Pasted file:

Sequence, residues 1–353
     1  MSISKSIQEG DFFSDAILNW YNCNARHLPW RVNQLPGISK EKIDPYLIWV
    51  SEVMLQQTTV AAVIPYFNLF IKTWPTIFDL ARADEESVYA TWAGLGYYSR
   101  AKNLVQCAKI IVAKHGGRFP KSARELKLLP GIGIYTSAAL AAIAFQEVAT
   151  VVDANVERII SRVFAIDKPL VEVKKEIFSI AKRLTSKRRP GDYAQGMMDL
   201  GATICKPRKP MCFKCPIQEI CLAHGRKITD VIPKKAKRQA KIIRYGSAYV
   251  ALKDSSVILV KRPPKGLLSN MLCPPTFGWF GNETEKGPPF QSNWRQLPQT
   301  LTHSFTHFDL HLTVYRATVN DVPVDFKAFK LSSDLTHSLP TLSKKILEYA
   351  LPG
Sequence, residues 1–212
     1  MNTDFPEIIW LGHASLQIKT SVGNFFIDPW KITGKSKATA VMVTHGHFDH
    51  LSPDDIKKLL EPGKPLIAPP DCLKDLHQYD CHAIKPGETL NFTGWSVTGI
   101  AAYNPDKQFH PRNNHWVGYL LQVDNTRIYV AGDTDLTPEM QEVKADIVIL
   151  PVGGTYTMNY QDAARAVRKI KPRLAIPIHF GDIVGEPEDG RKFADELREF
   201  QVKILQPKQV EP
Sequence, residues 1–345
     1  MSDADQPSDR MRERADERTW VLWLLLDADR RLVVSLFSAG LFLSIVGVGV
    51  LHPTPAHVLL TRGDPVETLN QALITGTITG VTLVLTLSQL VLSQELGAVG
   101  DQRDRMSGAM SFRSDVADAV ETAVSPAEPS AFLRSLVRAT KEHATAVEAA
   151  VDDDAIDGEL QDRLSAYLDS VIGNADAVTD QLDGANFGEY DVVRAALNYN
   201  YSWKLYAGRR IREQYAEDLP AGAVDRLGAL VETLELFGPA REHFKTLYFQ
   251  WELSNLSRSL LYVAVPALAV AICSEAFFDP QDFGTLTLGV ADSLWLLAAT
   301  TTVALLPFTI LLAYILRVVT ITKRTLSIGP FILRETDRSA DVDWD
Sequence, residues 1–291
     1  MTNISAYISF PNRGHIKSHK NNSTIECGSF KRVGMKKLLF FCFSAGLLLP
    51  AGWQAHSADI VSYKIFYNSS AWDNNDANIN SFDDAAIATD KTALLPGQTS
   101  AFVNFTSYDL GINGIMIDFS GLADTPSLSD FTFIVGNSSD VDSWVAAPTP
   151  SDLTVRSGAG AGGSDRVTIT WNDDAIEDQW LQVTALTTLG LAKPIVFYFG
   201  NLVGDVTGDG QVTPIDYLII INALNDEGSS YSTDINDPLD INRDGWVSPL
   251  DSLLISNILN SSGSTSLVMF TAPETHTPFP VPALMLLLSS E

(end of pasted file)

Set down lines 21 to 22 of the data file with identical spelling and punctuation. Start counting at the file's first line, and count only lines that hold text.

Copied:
   201  YSWKLYAGRR IREQYAEDLP AGAVDRLGAL VETLELFGPA REHFKTLYFQ
   251  WELSNLSRSL LYVAVPALAV AICSEAFFDP QDFGTLTLGV ADSLWLLAAT